Suspect Alexandre Bissonnette, who was also charged with five counts of attempted murder, made a brief court appearance and did not enter a plea.
Wearing a white prisoner jump suit, his hands and feet shackled, he stared down at the floor and fidgeted, but did not speak.
The attack left six people dead during evening prayers on Sunday, and Canada’s prime minister Justin Trudeau called it an act of terrorism against Muslims.
The 27-year-old suspect has supported the French far-right party of Marine Le Pen and had liked US President Donald Trump on his Facebook page.
He was known to those who monitor extremist groups in Quebec, said Francois Deschamps, an official with a refugee advocacy group.
He wrote on the Facebook page of the group, Bienvenues aux Refugies, or Welcome to Refugees, that Bissonnette was “unfortunately known to many activists in Quebec for taking nationalist, pro-Le Pen and anti-feminist positions at Laval University and on social media”.
An anthropology and political science major at Laval University in Quebec City, Bissonnette had also expressed support on his Facebook profile for “Generation Nationale,” a group whose manifesto includes the rejection of “multiculturalism”.
More than 50 people were at the Quebec Islamic Cultural Centre when the shooting erupted.
In addition to the six dead, 19 men were wounded. Of the five victims who remained in hospital, two were in critical condition. The dead ranged in age from 39 to 60.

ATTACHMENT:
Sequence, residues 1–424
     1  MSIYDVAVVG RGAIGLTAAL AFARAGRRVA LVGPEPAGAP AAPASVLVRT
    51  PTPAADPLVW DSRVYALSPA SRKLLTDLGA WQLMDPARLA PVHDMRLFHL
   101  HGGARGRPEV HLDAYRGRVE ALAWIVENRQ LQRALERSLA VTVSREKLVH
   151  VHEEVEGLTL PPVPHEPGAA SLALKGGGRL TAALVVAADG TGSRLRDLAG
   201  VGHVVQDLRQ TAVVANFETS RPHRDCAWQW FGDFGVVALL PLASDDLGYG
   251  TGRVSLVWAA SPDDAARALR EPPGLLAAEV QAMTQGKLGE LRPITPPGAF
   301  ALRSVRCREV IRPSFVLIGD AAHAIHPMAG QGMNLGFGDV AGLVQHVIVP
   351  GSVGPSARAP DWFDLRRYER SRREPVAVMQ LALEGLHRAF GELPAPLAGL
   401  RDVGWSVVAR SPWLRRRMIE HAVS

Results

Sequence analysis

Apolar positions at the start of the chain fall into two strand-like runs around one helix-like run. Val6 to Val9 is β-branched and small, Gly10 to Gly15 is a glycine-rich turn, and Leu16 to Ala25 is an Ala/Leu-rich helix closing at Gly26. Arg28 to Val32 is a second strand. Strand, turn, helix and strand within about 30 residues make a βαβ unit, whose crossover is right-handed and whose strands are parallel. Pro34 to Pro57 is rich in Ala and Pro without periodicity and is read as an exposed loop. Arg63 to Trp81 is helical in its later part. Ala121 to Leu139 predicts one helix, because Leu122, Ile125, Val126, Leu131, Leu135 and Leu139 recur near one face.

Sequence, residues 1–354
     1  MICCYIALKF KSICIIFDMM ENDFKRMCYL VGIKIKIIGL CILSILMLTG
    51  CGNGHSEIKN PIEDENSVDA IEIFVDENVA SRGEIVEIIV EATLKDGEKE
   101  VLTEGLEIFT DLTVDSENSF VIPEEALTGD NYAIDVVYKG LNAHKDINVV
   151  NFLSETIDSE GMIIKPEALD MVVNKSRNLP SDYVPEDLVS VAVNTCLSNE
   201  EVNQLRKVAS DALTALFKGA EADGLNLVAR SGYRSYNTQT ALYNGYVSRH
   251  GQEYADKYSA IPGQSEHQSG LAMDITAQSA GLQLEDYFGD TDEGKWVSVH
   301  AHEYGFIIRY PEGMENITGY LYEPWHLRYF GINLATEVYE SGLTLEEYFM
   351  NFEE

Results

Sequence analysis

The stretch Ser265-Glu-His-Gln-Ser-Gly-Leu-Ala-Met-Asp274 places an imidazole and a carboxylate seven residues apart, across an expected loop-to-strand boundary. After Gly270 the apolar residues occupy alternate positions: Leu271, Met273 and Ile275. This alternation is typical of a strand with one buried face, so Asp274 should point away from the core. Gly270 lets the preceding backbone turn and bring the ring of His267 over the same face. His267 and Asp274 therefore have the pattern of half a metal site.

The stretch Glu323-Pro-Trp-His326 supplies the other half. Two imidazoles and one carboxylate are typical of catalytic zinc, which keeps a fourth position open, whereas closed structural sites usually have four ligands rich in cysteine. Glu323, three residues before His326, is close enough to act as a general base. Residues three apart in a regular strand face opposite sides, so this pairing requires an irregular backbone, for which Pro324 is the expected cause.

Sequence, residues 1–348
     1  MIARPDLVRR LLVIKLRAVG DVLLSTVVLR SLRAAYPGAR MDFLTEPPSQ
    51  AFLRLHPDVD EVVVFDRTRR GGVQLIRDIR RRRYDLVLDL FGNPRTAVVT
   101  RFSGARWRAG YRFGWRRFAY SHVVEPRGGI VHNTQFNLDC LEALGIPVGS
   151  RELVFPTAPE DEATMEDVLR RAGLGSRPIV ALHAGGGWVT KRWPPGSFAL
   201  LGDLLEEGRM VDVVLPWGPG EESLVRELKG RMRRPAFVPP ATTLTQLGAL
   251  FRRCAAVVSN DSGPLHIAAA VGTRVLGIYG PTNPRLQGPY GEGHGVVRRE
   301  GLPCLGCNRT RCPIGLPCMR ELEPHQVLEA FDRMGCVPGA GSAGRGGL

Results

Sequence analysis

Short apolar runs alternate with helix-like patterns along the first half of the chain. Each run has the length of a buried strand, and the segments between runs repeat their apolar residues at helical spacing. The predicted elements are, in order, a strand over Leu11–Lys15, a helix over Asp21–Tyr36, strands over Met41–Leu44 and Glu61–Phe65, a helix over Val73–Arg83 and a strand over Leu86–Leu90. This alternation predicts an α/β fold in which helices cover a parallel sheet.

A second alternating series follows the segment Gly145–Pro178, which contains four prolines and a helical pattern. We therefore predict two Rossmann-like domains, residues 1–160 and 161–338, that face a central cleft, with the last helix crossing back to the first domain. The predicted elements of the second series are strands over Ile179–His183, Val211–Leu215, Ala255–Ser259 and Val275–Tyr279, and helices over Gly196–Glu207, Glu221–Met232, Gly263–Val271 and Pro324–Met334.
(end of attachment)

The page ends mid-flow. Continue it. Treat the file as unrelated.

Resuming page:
Mr Trudeau and Quebec Premier Philippe Couillard both characterised the attack as a terrorist act, which came amid heightened tensions worldwide over Mr Trump’s travel ban on seven Muslim countries.
Ms Le Pen, leader of the National Front in France, is known for her anti-Muslim, anti-immigrant positions and has won the endorsement and admiration of white supremacists.
Canada is generally welcoming toward immigrants and all religions, but the French-speaking province of Quebec has had a long-simmering debate about race and religious accommodation.
The previous separatist government of the province called for a ban on ostentatious religious symbols, such as the hijab, in public institutions.
Mr Trudeau said in Parliament that the victims were targeted simply because of their religion and spoke directly to Muslims who live in Canada, saying: “We are with you.”
He said: “Thirty-six million hearts are breaking with yours. Know that we value you.”
The prime minister later attended a vigil outside the mosque.
The suspect was arrested in his car on a bridge near d’Orleans, where he called 911 to say he wanted to co-operate with police.
The authorities, who initially named two suspects, said the other man taken into custody was a witness to the attack and was released earlier on Monday.
Mr Trump called Mr Trudeau to express condolences to the Canadian people and to offer any assistance that might be needed.
The White House pointed to the attack as an example of why Mr Trump’s policies were needed.
“We condemn this attack in the strongest possible terms. It’s a terrible reminder of why we must remain vigilant and why the president is taking steps to be pro-active, rather than reactive when it comes to our nation’s safety and security,” White House spokesman Sean Spicer said.
The victims were businessmen, a university professor and others who had gathered for evening prayers, said Mohamed Labidi, the vice president of the mosque.
He said the victims were shot in the back: “Security at our mosque was our major, major concern. But we were caught off guard.”
The shooting took place just before 8pm on Sunday. Witnesses described chaos as worshippers scrambled to find friends and loved ones, with police who responded to the scene calling for backup.
The mosque has been a target of hate crimes in the past, including last summer when a pig’s head was left on its doorstep during Ramadan.